International auctions for Head First by Dr Alastair Santhouse

International auctions for head first by dr alastair santhouse

Atlantic Books has acquired UKBC (ex. Canada) rights to Head First: A Psychiatrist’s Stories of Mind and Body by Alastair Santhouse. Publishing Director for Non-Fiction Mike Harpley bought the book in a four-way auction from Jonathan Conway at Jonathan Conway Literary Agency. North American rights were sold in a six-figure deal to Caroline Sutton at Avery, Penguin Random House, by George Lucas at InkWell Management, on behalf of Conway.

Head First chronicles Santhouse’s many years treating patients and his exploration of the ways in which our minds exert a huge and underappreciated influence over our health. They shape our responses to symptoms that we develop, dictate the treatments we receive, and influence whether they work. They even influence whether we develop symptoms at all.

Written with brutal honesty, deep compassion, and a wry sense of humour, Head First examines difficult cases that illuminate some of our most puzzling and controversial medical issues–from the tragedy of suicide, to the stigma surrounding obesity, to the mysteries of self-induced illness. Ultimately, he finds that our medical model has failed us by promoting specialization and overlooking perhaps the single most important component of our health: our state of mind.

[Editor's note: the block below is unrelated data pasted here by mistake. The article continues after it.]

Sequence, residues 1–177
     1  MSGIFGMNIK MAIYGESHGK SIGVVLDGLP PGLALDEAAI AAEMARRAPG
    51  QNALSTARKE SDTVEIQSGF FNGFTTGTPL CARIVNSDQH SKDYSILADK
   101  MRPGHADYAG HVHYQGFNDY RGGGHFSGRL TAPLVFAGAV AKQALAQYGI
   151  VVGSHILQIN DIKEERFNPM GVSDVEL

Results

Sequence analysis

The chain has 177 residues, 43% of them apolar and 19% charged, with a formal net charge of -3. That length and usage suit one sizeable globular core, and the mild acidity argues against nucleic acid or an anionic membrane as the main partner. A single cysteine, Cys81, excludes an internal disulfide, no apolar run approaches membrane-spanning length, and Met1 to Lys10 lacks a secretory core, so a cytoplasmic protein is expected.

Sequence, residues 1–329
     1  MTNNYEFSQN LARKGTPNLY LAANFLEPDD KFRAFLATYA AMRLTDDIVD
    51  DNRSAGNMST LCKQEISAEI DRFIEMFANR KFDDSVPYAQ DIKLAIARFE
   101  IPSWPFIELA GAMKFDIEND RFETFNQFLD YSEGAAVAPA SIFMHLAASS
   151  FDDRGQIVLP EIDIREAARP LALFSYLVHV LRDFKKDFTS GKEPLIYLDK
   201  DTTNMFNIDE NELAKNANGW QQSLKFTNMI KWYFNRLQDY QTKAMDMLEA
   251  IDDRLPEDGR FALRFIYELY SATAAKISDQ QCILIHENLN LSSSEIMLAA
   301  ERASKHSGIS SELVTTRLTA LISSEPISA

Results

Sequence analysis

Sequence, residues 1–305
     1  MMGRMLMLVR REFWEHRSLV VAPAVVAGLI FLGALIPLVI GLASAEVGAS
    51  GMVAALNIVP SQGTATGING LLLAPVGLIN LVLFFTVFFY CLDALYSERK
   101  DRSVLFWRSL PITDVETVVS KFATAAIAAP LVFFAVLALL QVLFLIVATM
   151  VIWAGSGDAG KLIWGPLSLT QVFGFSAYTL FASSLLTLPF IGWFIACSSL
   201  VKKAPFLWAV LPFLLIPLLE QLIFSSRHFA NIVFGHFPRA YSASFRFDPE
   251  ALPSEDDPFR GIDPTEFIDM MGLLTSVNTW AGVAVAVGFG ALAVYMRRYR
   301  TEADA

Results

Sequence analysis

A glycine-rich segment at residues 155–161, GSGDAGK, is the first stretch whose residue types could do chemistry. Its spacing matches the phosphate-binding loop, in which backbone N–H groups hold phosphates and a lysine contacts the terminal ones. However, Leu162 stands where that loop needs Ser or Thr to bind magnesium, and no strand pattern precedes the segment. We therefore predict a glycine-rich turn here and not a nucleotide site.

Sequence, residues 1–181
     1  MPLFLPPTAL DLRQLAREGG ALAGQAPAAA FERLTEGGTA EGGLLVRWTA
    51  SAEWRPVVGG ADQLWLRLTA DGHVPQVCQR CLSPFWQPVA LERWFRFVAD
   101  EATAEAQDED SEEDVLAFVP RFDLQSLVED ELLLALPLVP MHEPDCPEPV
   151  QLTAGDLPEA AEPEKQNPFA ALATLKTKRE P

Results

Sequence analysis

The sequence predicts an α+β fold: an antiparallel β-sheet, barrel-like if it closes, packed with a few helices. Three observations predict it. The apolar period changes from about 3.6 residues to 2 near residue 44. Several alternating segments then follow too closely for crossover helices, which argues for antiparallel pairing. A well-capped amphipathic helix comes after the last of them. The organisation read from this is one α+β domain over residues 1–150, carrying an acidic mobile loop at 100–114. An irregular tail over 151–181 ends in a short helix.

Alastair Santhouse is a consultant psychiatrist at both The Maudsley Hospital and Guy’s Hospital in London. He was Vice Chair of the Royal College of Psychiatrists Faculty of Liaison Psychiatry between 2013 and 2017, and in 2016 served as President of the Psychiatry Section of the Royal Society of Medicine. His clinical work focusses on the intersection of physical and mental health.

Mike Harpley said, ‘It’s clear from Head First that Alastair is not only a first-class clinician but a truly gifted and empathetic writer. Through his clinical case studies, he makes a convincing case that it’s impossible to separate physical and mental health. After you’ve read it, you won’t view your ordinary visit to the GP in the same light again.’